BRAVE NEW WORLD IS HERE

Issue 1 has landed! A few months later than we hoped, but it is here, all 368 pages of it. The strapline ‘Brave New World’ was the product of an afternoon in a dingy little pub out in the wilds of Dorset, I was looking for something bold to use on the cover, something that set the scene in just a few words. New World Order was one that was on the table, then Sarah suggested using Huxley’s book title… It was obvious. No decisions, or further contemplation necessary, those three words summed up our ethos in one fell swoop with no need for embellishment or discussion. Not only did it say something pretty bold, but the book itself, if you know it, goes a lot further…

The story of Huxley’s is a pertinent one for 2013. The original 1932 novel, Brave New World is actually a nightmarish vision of the future, a dystopian parody with the dark and brooding underlying theme being that we would eventually be undone by the things that delight us. Huxley’s imagined future is a totalitarian state, ruled by a supposedly benevolent and caring dictatorship whose inhabitants have been ‘programmed’ to enjoy their lives through conditioning and servitude to the state. Huxley was struck by how a population could be rendered docile and compliant by the powers of advertising and retail, and ideas of state control. Hmmmm, deep. The tragedy is that as a society we seem to have failed to notice that the overbearing powers of the internet and social media are actually fulfilling many of these prophecies, and as our appetite for the likes of Google and Facebook grows we are living out his vision of the future where a society is in servitude to the powers of the corporation.

For many years carp fishing was always a momentous escape from the drudge of ‘normal’ life, from the pressures and stresses of work, society and everything that comes with chaotic modern living. If you aren’t careful, modern carp fishing is merely an extension of that; of sales, of branding, advertising, politics, stress … and it remains firmly plugged into daily ‘life’, through the social networks every minute of every day, and so the great escape can happen all too rarely nowadays. Hopefully Subsurface can offer a diversion from all that – sure, we have a Facebook, we have a Twitter, and an Instagram and are undoubtedly branded…but hopefully we can use this as a vehicle to make people stop and look, even just for a moment, at something beautiful. We want anglers to open their eyes again, and to maybe look further than the sponsorship deals and racking up the forty pounders.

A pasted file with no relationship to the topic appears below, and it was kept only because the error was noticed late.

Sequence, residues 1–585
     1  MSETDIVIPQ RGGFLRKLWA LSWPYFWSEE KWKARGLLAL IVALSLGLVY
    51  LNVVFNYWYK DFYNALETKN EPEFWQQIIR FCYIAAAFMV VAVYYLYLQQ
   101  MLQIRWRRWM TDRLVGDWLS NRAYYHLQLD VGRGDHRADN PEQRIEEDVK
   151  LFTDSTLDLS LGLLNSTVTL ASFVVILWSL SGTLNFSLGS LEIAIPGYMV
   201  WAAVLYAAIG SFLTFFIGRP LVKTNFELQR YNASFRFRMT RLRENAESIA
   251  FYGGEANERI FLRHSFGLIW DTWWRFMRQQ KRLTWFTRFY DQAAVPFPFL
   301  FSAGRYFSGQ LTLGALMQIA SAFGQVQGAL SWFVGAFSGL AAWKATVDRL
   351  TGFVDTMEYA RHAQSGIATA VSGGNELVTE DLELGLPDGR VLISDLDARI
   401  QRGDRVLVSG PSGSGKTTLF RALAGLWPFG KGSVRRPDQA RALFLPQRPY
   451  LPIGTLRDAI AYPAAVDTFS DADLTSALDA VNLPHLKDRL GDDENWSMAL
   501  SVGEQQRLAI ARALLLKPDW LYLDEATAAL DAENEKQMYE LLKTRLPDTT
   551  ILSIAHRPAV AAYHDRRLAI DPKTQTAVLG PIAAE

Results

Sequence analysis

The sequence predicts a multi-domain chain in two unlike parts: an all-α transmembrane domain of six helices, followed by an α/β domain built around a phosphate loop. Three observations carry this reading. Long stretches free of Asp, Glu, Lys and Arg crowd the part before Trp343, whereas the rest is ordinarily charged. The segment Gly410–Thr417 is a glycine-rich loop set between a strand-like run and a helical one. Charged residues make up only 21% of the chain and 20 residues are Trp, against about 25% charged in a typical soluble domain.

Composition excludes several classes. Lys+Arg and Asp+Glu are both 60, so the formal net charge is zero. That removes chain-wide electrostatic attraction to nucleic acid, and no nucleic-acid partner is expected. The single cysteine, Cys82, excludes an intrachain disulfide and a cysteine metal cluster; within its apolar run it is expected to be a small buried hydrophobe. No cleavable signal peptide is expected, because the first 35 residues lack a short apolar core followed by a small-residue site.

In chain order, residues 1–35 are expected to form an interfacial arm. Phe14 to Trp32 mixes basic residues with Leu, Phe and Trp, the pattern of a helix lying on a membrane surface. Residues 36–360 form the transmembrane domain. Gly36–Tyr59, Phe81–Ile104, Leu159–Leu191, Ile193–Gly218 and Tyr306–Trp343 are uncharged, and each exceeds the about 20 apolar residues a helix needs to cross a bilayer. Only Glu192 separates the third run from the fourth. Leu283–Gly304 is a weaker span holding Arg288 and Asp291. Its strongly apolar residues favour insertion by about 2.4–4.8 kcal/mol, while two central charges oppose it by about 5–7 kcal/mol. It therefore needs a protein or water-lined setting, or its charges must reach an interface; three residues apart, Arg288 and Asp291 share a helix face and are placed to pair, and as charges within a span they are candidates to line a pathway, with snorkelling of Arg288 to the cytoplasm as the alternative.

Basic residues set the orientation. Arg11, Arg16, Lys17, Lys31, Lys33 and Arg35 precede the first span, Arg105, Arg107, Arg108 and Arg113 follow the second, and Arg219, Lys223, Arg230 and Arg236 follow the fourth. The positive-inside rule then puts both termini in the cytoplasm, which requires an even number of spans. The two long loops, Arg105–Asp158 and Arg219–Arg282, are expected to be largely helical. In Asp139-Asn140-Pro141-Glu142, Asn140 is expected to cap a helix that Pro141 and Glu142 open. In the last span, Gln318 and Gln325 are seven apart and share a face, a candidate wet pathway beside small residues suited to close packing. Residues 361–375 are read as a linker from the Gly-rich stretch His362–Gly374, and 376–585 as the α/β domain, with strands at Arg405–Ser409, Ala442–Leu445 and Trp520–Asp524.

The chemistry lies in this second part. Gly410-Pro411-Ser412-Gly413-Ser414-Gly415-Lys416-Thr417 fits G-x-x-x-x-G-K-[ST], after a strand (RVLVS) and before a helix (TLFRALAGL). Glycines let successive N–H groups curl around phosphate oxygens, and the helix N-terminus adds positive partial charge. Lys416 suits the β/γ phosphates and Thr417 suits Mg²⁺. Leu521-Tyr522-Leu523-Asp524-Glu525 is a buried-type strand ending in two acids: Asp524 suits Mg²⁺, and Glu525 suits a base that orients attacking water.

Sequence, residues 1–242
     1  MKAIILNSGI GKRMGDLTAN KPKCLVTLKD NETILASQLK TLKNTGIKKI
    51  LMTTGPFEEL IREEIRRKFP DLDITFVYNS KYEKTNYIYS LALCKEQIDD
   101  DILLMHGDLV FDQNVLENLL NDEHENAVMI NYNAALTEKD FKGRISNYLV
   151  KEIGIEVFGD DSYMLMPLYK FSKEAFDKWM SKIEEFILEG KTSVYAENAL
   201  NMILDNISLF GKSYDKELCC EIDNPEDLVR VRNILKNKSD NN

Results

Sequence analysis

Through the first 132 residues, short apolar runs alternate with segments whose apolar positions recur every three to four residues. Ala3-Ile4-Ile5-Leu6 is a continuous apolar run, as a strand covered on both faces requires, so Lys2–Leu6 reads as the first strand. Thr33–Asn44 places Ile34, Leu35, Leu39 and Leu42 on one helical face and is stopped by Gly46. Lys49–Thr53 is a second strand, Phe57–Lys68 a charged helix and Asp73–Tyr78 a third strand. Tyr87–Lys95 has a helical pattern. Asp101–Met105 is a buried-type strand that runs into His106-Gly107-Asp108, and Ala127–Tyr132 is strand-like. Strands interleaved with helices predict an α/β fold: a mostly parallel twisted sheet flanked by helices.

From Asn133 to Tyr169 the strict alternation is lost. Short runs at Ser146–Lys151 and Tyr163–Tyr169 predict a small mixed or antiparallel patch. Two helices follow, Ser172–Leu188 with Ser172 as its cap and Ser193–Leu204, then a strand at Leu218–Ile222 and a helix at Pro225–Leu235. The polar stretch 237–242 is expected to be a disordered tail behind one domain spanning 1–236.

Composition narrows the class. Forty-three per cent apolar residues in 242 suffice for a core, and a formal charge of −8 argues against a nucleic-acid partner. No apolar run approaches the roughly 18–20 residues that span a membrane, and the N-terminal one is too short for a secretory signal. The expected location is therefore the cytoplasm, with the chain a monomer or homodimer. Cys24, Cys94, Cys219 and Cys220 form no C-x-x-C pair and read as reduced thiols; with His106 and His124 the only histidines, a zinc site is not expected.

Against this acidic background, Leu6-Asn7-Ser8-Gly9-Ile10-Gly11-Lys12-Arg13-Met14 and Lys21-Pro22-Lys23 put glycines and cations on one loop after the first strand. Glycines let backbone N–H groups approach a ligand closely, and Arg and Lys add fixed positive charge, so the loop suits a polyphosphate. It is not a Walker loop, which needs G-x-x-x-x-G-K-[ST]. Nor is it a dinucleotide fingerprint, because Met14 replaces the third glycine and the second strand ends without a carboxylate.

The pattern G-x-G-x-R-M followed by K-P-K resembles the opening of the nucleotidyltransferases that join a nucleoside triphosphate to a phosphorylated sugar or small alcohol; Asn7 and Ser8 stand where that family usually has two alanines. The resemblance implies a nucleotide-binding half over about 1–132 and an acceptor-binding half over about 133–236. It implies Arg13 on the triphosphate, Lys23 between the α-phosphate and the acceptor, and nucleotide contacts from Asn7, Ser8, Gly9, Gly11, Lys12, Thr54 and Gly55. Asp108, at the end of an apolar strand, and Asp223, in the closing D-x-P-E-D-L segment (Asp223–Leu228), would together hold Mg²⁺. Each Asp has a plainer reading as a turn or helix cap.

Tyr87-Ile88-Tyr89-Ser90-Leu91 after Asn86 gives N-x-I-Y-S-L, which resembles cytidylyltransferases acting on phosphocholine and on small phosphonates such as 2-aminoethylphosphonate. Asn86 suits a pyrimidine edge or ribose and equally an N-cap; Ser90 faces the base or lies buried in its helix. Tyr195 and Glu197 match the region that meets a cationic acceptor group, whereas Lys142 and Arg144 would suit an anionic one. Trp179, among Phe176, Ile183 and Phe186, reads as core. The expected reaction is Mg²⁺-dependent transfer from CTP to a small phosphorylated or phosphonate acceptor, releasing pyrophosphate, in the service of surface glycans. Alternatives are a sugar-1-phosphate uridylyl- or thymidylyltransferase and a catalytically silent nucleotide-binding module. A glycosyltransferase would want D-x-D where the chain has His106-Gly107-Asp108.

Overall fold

Subsurface is intended to be an ever-evolving project, something we can build on and develop with the ever changing times. It has been created out of a love for the very bones of carp fishing; the grit, the dirt, the rain, the blanks, the rank piles of teabags…we question a few things, and look critically at the scene and it’s changing face, as well as just telling a few good old fashioned stories and presenting some truly beautiful images to keep the buzz going when times are tough. Hopefully there is something for everyone, young or old, old hand or newbie.

Yates sums it up here – this is what we are afraid of, and Issue 1 of Subsurface hopefully allows us to step back just a little bit, and look at the scene a little bit deeper, not with rose tinted glasses, or cynicism, but with open eyes.

 

‘Angling wouldn’t be fun at all if we could always predict what was going to happen, if we all fished in standardised ponds, each stocked with the standardised fish providing standardised entertainment with no danger of surprise, disappointment or too much excitement. The idea of the angling theme park fills me with horror. It inspires a vision of hell where every fishery is either commercially or charity sponsored, where everything is artificial and even the fish are not allowed to break the rules. Fishing reaffirms our links with the natural world, a world that is still full of mysteries and genuine beauty, a world which we respond to simply because it has made us what we are’.

 Chris Yates’s ‘Falling in Again’ (1998, Merlin Unwin Books)

 

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